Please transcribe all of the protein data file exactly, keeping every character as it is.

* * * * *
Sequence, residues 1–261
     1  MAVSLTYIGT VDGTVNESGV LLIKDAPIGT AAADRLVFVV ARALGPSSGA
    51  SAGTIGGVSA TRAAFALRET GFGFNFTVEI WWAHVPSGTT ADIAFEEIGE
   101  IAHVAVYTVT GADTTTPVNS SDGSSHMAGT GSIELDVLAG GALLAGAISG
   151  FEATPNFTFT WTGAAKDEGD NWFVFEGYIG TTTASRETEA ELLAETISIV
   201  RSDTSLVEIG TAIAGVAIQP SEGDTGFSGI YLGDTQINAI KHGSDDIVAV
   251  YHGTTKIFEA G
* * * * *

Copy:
Sequence, residues 1–261
     1  MAVSLTYIGT VDGTVNESGV LLIKDAPIGT AAADRLVFVV ARALGPSSGA
    51  SAGTIGGVSA TRAAFALRET GFGFNFTVEI WWAHVPSGTT ADIAFEEIGE
   101  IAHVAVYTVT GADTTTPVNS SDGSSHMAGT GSIELDVLAG GALLAGAISG
   151  FEATPNFTFT WTGAAKDEGD NWFVFEGYIG TTTASRETEA ELLAETISIV
   201  RSDTSLVEIG TAIAGVAIQP SEGDTGFSGI YLGDTQINAI KHGSDDIVAV
   251  YHGTTKIFEA G